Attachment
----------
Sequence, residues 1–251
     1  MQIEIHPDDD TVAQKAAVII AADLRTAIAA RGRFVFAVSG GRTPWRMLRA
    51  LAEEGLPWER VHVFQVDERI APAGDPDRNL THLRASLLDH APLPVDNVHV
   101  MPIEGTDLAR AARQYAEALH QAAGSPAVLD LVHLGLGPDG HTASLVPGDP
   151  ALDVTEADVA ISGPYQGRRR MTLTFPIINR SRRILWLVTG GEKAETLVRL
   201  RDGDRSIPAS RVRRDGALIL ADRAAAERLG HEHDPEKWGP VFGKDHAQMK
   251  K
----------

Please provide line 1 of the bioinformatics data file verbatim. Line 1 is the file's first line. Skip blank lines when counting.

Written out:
Sequence, residues 1–251